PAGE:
Normal cranial computed tomography scan.

(0,09MB).
Figure 2.

(A) Apical 3-chamber view showing a large thrombus attached to the apex (arrow); (B) apical 2-chamber view showing the thrombus protruding into the left ventricular cavity (arrow). Ao; aorta; LA; left atrium; LV: left ventricle.

(0,14MB).
Discussion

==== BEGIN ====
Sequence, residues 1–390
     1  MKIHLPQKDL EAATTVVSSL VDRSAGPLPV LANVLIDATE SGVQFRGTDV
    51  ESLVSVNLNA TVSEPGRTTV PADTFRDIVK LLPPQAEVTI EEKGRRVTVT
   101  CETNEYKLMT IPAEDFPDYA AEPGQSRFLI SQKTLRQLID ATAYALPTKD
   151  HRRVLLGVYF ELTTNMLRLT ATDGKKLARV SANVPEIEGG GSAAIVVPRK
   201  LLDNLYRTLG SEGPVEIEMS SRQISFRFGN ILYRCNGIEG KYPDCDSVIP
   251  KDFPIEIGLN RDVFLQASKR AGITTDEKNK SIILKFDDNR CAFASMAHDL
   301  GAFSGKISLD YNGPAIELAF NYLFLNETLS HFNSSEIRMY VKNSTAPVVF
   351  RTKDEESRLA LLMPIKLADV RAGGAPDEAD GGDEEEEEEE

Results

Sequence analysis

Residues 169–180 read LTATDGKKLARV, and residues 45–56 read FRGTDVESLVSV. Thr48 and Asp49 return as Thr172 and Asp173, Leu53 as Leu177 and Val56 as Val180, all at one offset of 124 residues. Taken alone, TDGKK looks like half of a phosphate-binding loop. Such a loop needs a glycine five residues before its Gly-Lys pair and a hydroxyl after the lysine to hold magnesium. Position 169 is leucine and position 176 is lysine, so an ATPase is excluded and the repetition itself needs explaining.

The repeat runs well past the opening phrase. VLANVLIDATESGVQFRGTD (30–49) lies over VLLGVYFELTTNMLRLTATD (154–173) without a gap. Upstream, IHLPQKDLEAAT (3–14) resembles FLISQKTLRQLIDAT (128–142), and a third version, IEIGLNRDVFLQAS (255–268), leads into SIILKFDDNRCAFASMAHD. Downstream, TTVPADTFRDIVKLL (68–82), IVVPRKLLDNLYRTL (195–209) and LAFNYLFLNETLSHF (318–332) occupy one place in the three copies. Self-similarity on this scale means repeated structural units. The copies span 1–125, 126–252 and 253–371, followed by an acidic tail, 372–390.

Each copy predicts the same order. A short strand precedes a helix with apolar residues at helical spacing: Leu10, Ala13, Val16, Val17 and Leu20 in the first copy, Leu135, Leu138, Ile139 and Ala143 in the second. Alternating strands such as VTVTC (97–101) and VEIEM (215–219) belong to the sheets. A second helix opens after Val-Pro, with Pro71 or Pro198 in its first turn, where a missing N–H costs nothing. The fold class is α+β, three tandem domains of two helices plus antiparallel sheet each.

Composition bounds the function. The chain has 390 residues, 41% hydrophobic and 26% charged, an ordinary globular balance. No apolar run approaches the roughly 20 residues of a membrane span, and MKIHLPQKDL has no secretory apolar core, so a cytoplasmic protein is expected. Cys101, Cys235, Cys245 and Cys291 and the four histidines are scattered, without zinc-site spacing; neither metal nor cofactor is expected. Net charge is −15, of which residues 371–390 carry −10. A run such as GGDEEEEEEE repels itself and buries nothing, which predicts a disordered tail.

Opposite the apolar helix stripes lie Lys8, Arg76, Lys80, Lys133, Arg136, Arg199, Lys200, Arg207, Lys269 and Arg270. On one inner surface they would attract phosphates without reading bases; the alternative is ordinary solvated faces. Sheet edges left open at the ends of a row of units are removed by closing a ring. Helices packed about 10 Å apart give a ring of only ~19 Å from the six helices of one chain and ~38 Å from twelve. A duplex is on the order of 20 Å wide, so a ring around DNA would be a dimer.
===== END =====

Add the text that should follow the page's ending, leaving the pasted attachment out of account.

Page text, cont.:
PPCM is a disorder of unknown origin that has potentially devastating consequences, presenting in the last month of pregnancy or in the first five months postpartum with signs and symptoms of systolic heart failure and a fatality rate of 20%–50%. It is defined according to the following four criteria: (1) development of cardiac failure in the last month of pregnancy or within five months of delivery; (2) absence of an identifiable cause for the cardiac failure; (3) absence of recognizable heart disease prior to the last month of pregnancy; and (4) left ventricular systolic dysfunction (left ventricular ejection fraction <45% or reduced shortening fraction <30%).1,2